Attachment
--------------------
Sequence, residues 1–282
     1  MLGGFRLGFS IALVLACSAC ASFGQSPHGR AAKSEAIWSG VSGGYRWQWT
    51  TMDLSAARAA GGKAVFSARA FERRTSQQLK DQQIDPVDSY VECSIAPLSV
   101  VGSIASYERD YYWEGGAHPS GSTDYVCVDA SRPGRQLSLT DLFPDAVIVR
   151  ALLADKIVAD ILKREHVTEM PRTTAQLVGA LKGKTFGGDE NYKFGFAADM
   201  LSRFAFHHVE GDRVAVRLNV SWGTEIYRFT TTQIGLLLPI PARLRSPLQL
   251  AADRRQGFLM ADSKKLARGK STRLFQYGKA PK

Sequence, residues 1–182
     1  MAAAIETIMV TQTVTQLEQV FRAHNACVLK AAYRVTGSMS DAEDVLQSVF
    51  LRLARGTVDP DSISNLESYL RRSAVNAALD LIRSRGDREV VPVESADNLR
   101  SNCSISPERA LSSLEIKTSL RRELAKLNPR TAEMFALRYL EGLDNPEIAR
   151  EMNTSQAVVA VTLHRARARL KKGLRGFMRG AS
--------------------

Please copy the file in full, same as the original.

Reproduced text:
Sequence, residues 1–282
     1  MLGGFRLGFS IALVLACSAC ASFGQSPHGR AAKSEAIWSG VSGGYRWQWT
    51  TMDLSAARAA GGKAVFSARA FERRTSQQLK DQQIDPVDSY VECSIAPLSV
   101  VGSIASYERD YYWEGGAHPS GSTDYVCVDA SRPGRQLSLT DLFPDAVIVR
   151  ALLADKIVAD ILKREHVTEM PRTTAQLVGA LKGKTFGGDE NYKFGFAADM
   201  LSRFAFHHVE GDRVAVRLNV SWGTEIYRFT TTQIGLLLPI PARLRSPLQL
   251  AADRRQGFLM ADSKKLARGK STRLFQYGKA PK

Sequence, residues 1–182
     1  MAAAIETIMV TQTVTQLEQV FRAHNACVLK AAYRVTGSMS DAEDVLQSVF
    51  LRLARGTVDP DSISNLESYL RRSAVNAALD LIRSRGDREV VPVESADNLR
   101  SNCSISPERA LSSLEIKTSL RRELAKLNPR TAEMFALRYL EGLDNPEIAR
   151  EMNTSQAVVA VTLHRARARL KKGLRGFMRG AS